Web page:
Recent data from the World Payments Report predicts a 12% compound annual growth rate (CAGR) in global non-cash transactions from 2019 to 2023. This surge is driven by the growing consumer preference for the convenience, speed, and security offered by digital payment methods. The COVID-19 pandemic has further accelerated this trend, with a Mastercard study revealing that 79% of people globally (91% in Asia Pacific) now use less or no cash since the pandemic began. Retail businesses failing to adapt to these changes may struggle to meet the expectations of a significant portion of their customer base.

Perspective 2: Current payment infrastructures meet all evolving retail needs

This prevalent view tends to overlook potential limitations in existing payment systems when contending with the demands of rapidly changing retail environments. The rise of omnichannel retailing, a strategy that offers customers a seamless shopping experience across various platforms, has shifted from being a convenience to an important requirement. Consumer behaviour now often necessitates a fully functional omnichannel solution as a key consideration for retailers. With the ubiquity of mobile devices, consumers are just a click away from online engagement and purchases, placing them in a position of power and choice.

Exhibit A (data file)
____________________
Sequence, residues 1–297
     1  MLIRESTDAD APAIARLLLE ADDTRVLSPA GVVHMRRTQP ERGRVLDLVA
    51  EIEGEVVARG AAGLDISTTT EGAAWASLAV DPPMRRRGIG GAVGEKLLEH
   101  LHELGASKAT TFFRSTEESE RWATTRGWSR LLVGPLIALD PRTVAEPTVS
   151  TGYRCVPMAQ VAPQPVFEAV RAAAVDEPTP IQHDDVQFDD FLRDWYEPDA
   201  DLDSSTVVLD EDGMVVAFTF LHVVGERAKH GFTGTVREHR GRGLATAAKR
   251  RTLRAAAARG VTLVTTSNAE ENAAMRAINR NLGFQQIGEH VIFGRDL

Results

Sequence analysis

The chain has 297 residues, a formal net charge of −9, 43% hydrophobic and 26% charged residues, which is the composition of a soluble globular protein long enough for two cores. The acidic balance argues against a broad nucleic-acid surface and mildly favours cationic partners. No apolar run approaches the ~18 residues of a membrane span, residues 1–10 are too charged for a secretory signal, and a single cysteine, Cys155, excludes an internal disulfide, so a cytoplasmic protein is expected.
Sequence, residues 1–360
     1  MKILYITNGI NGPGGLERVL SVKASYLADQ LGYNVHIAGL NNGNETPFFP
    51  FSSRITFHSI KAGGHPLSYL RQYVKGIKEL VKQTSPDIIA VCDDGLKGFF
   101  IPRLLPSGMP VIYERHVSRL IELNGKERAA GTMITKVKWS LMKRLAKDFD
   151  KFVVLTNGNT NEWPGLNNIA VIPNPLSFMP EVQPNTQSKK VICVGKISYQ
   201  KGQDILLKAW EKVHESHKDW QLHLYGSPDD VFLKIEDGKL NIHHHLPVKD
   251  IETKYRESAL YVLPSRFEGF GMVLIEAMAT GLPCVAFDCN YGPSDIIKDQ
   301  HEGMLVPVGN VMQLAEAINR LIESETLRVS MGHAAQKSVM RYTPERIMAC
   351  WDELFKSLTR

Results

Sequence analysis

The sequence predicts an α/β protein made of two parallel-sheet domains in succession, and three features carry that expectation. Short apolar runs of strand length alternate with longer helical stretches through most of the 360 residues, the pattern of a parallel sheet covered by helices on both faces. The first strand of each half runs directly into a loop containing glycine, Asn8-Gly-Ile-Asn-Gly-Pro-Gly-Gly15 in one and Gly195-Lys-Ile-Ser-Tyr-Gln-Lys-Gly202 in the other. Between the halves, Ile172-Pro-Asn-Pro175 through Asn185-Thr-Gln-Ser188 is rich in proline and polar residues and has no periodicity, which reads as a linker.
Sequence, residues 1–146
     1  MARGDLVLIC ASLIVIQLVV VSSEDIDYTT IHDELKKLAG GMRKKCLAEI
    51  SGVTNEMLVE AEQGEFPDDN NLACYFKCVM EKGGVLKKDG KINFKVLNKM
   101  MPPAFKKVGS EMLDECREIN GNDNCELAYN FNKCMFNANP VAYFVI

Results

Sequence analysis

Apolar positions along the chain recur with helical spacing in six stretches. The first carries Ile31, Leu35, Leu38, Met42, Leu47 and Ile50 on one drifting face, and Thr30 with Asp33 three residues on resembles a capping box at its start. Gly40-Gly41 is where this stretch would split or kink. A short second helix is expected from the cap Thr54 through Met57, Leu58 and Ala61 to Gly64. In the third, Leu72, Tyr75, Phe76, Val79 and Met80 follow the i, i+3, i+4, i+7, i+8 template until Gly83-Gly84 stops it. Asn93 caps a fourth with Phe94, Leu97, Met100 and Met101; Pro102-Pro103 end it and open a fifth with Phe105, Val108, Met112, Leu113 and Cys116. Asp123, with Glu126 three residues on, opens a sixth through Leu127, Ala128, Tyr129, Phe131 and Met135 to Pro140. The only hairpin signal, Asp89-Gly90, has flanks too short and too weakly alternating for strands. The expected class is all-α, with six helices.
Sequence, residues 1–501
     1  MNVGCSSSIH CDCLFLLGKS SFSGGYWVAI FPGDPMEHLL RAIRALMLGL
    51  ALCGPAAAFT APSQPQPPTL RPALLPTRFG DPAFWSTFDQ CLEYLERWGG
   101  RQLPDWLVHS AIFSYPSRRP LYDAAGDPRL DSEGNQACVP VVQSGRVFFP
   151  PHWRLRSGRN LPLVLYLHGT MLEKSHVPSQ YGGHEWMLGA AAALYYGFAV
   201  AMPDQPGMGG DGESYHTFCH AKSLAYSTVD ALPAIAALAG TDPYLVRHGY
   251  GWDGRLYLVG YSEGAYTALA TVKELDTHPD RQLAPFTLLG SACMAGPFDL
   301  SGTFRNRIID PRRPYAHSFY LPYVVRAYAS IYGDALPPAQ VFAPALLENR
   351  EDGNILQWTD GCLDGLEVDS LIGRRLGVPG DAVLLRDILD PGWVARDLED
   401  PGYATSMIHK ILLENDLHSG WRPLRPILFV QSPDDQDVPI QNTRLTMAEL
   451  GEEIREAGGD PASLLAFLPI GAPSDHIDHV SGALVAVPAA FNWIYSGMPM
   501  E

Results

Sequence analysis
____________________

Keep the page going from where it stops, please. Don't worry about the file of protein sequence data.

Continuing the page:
This capacity gives consumers an unmatched range of options and flexibility, allowing them to shop whenever and wherever they choose. It signals to retailers the need to adapt to these new consumer preferences or risk losing customers to competitors who can provide the desired mix of choice, flexibility, and seamless shopping experiences. Businesses face a crucial challenge: they must ensure their payment systems are adaptable and at the forefront of facilitating a comprehensive omnichannel shopping experience. This is essential for retaining current customers and attracting new ones in today’s highly competitive retail landscape.